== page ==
Booker T. Washington: Up From Slavery: An Autobiography

Chapter 9. Anxious Days And Sleepless Nights (continued)

The principal address was delivered by the Hon. Waddy Thompson, the Superintendent of Education for the county. About the corner-stone were gathered the teachers, the students, their parents and friends, the county officials--who were white--and all the leading white men in that vicinity, together with many of the black men and women whom the same white people but a few years before had held a title to as property. The members of both races were anxious to exercise the privilege of placing under the corner-stone some momento.

Before the building was completed we passed through some very trying seasons. More than once our hearts were made to bleed, as it were, because bills were falling due that we did not have the money to meet. Perhaps no one who has not gone through the experience, month after month, of trying to erect buildings and provide equipment for a school when no one knew where the money was to come from, can properly appreciate the difficulties under which we laboured. During the first years at Tuskegee I recall that night after night I would roll and toss on my bed, without sleep, because of the anxiety and uncertainty which we were in regarding money. I knew that, in a large degree, we were trying an experiment--that of testing whether or not it was possible for Negroes to build up and control the affairs of a large education institution. I knew that if we failed it would injure the whole race. I knew that the presumption was against us. I knew that in the case of white people beginning such an enterprise it would be taken for granted that they were going to succeed, but in our case I felt that people would be surprised if we succeeded. All this made a burden which pressed down on us, sometimes, it seemed, at the rate of a thousand pounds to the square inch.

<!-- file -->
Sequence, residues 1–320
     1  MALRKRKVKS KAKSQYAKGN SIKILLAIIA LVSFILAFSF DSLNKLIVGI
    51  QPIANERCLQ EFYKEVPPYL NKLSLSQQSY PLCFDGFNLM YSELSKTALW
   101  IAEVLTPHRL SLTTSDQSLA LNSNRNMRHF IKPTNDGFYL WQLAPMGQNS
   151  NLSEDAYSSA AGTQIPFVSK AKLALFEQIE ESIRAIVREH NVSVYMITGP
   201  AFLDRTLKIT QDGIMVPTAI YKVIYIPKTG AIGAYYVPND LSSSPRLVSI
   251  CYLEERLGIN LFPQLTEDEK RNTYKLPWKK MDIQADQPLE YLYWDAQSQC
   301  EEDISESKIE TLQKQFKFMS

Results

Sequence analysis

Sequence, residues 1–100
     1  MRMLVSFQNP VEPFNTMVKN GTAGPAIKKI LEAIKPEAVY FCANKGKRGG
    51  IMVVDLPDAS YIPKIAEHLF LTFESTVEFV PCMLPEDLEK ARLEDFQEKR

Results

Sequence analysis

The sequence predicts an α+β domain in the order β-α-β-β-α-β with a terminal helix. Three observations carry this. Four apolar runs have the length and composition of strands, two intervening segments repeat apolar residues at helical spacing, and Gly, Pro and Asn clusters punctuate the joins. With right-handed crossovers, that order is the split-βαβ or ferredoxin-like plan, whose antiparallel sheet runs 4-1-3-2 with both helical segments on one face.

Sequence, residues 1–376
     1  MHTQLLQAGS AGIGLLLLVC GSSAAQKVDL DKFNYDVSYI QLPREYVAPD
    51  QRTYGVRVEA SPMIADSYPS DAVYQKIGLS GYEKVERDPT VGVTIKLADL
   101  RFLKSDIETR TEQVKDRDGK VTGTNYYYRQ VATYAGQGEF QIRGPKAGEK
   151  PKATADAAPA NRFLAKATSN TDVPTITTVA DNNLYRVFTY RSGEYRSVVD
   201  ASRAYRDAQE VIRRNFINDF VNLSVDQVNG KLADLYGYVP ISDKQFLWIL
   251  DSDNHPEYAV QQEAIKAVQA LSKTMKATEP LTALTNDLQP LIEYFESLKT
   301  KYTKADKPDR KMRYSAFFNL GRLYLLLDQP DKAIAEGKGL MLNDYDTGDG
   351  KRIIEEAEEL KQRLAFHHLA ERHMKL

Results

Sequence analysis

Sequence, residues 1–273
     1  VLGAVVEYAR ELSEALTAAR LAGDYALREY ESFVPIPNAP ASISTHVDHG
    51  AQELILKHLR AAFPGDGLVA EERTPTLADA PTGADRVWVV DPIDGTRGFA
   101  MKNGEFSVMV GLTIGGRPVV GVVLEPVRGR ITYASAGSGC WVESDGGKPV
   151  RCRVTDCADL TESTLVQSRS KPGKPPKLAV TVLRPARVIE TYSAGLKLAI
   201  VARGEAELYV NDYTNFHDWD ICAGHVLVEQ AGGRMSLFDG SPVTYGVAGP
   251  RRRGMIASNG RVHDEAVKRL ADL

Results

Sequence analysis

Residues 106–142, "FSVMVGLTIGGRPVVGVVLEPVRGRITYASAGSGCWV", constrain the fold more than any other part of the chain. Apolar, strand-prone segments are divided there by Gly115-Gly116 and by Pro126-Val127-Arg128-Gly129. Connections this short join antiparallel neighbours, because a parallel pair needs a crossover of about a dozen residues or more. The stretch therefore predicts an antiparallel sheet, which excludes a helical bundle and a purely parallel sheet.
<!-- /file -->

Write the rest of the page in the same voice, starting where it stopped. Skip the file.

In all our difficulties and anxieties, however, I never went to a white or a black person in the town of Tuskegee for any assistance that was in their power to render, without being helped according to their means. More than a dozen times, when bills figuring up into the hundreds of dollars were falling due, I applied to the white men of Tuskegee for small loans, often borrowing small amounts from as many as a half-dozen persons, to meet our obligations. One thing I was determined to do from the first, and that was to keep the credit of the school high; and this, I think I can say without boasting, we have done all through these years.

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